Despite the clear and present dangers of the course, those who race it defend it tooth and nail. A commonly heard refrain is that all who compete are fully aware of the risks. Purslow was no different.

“He always said that if he was going to go, that was the way he was going to go,” Hana says. “They all know it’s a possibility — and they all know it’s one of the hardest courses in the world, if not the hardest road race in the world. They all know that when they put themselves out there.”

At Fairy Bridge, a tiny stone structure stretching over Santon Burn on the road between Douglas and the Isle of Man airport, there is a shrine to the island’s dead — and to the many motorcyclists who don’t make it home. Outside a two-storey home at Ago’s Leap — a sloping stretch of suburban A-road one mile into the course, where pavements are narrow and the neat houses are perched almost on the kerbside — I find a small, improvised memorial to the Stocktons, set up in the rubble of a half-collapsed garden wall. There are dried flowers, handwritten notes wrapped in cellophane, painted stones and an image of a mascot named “the fairy god biker”.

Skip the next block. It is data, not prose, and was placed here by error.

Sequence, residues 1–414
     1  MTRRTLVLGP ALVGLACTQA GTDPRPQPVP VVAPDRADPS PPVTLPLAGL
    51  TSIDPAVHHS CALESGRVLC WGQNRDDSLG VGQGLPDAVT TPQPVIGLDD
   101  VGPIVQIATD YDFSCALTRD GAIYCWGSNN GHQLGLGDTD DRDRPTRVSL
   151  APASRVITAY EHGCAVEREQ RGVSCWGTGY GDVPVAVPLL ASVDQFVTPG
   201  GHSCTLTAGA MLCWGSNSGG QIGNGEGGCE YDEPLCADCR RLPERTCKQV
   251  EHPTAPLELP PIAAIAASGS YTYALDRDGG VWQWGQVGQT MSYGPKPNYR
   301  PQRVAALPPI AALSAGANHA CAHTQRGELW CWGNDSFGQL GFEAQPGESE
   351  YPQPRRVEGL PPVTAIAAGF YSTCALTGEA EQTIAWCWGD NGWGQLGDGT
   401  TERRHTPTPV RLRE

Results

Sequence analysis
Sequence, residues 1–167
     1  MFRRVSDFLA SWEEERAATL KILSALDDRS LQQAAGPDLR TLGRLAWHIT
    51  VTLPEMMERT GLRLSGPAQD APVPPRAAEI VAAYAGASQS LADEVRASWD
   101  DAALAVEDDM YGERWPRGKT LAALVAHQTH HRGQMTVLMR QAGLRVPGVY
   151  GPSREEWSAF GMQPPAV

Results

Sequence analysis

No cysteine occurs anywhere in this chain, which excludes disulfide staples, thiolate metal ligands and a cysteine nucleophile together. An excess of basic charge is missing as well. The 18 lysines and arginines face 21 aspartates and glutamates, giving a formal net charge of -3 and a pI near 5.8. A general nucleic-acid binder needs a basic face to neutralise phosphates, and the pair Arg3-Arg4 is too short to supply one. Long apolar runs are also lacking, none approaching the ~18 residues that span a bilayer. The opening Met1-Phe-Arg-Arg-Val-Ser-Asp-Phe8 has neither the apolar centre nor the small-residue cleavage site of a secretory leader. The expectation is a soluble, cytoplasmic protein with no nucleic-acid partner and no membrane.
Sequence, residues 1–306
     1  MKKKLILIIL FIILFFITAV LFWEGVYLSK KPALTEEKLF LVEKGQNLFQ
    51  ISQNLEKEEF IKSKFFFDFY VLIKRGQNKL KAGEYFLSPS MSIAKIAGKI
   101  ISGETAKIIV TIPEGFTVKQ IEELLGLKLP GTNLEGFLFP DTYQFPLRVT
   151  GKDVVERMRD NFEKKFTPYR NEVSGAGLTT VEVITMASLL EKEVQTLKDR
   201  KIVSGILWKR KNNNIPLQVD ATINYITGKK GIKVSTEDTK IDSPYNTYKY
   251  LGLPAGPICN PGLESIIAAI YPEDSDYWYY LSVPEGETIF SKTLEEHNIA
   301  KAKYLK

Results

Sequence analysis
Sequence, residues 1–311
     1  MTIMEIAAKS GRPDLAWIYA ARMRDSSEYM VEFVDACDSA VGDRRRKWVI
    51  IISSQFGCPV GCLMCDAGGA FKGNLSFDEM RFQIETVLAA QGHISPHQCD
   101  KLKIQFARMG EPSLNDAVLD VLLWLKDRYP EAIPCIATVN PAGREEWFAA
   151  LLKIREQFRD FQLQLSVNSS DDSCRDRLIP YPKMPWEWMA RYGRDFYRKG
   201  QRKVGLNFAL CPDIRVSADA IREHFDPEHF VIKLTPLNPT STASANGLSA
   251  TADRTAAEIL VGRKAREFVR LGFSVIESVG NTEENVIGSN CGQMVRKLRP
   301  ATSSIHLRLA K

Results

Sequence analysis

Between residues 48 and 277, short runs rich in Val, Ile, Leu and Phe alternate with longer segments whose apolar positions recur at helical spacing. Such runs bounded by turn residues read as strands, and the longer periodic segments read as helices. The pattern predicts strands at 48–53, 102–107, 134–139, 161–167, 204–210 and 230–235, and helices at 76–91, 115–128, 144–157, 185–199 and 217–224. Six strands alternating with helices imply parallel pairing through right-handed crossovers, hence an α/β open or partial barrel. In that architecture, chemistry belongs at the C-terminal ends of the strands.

Walking down Douglas promenade, the capital’s quiet main street, on an afternoon out of TT season, while a horse pulling a tram plods down the road, it is hard to imagine the place hosting a motorcycle racing festival. There are clues, however: children wandering past in TT merch; women leaving an official TT shop on Douglas seafront with huge carrier bags. I browse its rails and find baby clothes emblazoned with motorcycles. On quiet, suburban roads, family-sized sedans periodically whistle by at a clip. Because there is no national speed limit, the island has always attracted petrolheads.